We’ve all done it – bought an expensive bottle of wine and sat sipping it in the sun, only to realize, it tastes like an alcohol soaked, box of old sneakers. Unfortunately, sometimes even expensive wines taste bad, but often it’s the temperature that’s off – not the wine itself. The reason is simple – the taste of wine is affected by the temperature of wine. If you serve your red too warm, the taste of alcohol can become more pronounced – and when it comes to wine, we don’t want the flavor to be ‘alcohol-y’ (or old sneaker-y for that matter).
Serve your white wine too cold and the nuances and character of the wine are often lost. Usually it is a mistake to serve red wine at room temperature or to serve white wine directly out of the fridge. Of course what’s right for you is a matter of individual taste – heck I know some people who stick ice cubes in their Merlot. However, there are some general guidelines in terms of ranges of serving temperatures. These suggestions are just that, suggestions. They are not scientifically determined but instead represent somewhat of a consensus in the wine community.
Here are those general ‘suggestions’:
|Style of Wine||Optimal Temperature|
|Light white wines||39 – 43||4 – 6|
|Rose, sparkling wine, late harvest & sweet wines||43 – 47||6 – 8|
|Medium or full bodied white, light red wines||47 – 53||8 – 12|
|Medium bodied red wine, light port, dessert wines||53 – 58||12 – 14|
|Full body red wines, vintage ports||58 – 62||14 – 17|
Now what do we mean by light white wines, full bodied reds, etc.? Light wines have lower alcohol content (generally under 12.5%) and include mostly white wines like Riesling, Prosecco, and Vinho Verde and some reds like Beaujolais and Pinot Noir. Medium bodied whites (with alcohol content between 12.5% and 13.5%) include Sauvignon Blanc, Pinot Grigio and White Burgundies. Full bodied wines (with alcohol content above 13.5%) include mainly reds such as Zinfandel, Shiraz/Syrah, Cabernets and Malbec. Chardonnay, while white, falls into this category as well.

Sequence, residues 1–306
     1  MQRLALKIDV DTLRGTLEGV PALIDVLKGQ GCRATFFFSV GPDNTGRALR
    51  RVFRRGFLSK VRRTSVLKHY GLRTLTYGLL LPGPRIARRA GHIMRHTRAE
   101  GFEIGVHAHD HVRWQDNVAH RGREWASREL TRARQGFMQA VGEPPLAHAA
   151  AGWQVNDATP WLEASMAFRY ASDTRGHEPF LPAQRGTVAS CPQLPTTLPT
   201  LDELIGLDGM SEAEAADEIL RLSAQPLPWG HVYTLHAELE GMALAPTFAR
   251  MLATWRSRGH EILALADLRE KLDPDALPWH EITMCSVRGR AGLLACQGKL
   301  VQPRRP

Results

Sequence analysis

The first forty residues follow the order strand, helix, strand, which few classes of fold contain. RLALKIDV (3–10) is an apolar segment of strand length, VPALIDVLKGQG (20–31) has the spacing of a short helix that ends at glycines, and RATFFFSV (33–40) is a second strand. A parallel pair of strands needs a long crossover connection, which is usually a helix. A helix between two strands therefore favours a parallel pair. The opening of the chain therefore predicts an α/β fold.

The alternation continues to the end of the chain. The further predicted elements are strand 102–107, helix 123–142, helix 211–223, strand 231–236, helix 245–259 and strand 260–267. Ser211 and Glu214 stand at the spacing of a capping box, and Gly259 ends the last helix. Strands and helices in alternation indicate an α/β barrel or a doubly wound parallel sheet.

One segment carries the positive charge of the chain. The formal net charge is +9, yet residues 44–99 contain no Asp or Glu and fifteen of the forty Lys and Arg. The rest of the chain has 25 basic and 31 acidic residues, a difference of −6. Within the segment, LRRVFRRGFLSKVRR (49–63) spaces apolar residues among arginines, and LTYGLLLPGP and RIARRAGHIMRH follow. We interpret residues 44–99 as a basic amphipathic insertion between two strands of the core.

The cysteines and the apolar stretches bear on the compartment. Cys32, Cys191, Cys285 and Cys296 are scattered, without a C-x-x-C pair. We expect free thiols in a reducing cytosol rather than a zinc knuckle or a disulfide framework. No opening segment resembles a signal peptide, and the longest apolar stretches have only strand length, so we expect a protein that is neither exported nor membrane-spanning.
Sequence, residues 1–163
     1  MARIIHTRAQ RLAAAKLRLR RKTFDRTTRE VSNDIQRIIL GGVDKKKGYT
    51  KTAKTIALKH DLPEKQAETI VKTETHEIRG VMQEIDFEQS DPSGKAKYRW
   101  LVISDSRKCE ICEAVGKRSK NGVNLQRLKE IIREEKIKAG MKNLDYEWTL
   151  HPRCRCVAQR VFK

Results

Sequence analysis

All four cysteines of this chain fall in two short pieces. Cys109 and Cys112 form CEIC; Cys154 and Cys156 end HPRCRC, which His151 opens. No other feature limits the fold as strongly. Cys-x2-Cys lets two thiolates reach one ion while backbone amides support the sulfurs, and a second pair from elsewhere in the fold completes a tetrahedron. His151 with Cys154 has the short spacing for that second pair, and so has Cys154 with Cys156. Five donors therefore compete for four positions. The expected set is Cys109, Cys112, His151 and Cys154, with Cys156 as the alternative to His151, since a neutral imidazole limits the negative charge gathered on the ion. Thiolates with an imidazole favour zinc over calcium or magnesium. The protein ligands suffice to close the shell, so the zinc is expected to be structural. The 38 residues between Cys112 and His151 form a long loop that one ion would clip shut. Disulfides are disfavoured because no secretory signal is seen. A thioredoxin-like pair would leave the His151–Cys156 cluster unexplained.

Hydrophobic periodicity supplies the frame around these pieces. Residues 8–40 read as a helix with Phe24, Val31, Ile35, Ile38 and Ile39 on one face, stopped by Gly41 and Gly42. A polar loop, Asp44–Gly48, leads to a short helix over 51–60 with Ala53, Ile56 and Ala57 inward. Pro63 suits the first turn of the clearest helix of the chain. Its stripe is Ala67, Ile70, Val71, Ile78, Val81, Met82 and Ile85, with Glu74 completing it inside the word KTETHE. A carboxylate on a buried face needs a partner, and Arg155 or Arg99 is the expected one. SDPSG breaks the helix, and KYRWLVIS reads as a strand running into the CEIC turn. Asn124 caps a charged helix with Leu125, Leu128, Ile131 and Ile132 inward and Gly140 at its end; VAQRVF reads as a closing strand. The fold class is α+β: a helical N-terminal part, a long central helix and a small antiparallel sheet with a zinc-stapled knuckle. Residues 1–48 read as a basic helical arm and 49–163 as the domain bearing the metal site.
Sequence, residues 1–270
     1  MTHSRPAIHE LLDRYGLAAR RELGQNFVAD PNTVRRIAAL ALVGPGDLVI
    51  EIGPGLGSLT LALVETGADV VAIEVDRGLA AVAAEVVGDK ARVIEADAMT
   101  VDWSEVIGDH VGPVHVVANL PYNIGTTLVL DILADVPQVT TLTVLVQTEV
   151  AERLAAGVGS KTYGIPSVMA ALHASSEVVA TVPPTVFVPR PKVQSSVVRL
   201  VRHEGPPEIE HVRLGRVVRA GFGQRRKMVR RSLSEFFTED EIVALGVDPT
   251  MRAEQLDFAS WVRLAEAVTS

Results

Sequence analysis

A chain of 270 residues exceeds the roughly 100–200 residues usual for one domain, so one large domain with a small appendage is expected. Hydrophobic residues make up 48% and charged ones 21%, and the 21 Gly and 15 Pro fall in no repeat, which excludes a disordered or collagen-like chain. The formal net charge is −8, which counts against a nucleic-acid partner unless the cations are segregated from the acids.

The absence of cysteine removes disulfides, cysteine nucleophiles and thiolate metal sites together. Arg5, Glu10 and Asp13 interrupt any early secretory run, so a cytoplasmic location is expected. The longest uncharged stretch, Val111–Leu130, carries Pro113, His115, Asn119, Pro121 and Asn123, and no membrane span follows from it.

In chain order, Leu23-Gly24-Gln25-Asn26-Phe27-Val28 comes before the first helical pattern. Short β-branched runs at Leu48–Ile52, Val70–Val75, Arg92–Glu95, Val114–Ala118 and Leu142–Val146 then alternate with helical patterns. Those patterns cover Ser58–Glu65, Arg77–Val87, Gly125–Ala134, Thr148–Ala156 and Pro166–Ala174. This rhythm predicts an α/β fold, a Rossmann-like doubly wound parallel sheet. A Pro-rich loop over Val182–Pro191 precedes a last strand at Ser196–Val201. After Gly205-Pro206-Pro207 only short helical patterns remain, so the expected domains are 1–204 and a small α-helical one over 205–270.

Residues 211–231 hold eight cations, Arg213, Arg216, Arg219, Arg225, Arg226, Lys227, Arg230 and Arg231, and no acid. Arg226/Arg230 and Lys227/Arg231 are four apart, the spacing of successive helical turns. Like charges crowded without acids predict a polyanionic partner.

Now knowing the temperature of your wine is the problem. Of course the simple answer is to use a wine thermometer, or have a wine fridge that cools your wine to a specific temperature. However – this isn’t going to work for everyone. We’ve found that a good rule of thumb (that is completely unscientific but has been tested and approved of by myself and my friends who are perhaps too polite to tell me otherwise) is for red wine – put it in the fridge for about half an hour before drinking. For white wine – keep it refrigerated and then let it sit out for 15 minutes or so to warm up before drinking.
Of course if you are on the go – for a day or night out: at the beach, at a friend’s house, at a bring your own wine restaurant – even if your wine is at the ideal temperature when you leave the house, it won’t be when you reach your destination, especially if significant driving time or waiting time is involved.
Our cool and stylish selection of wine purses and totes that have an insulated compartment in which to keep your wine cool (stick a mini ice pack in there for cold cocktails too). Check out our selection of wine purses here: https://winepurse.ca/product-category/wine-purses/.
A Grab and Go Insulated Bottle Carrier keeps wine or champagne cool and protected for your journey.
Freezable Chill It Pop 1 allows one to chill the wine while they are travelling.
And our Chill™ Cooling Pour Spout is a great way to cool, serve and preserve your wine.
To see these and other products designed to appeal to the beginning or experienced wine connoisseur visit the wine accessories page of our shop.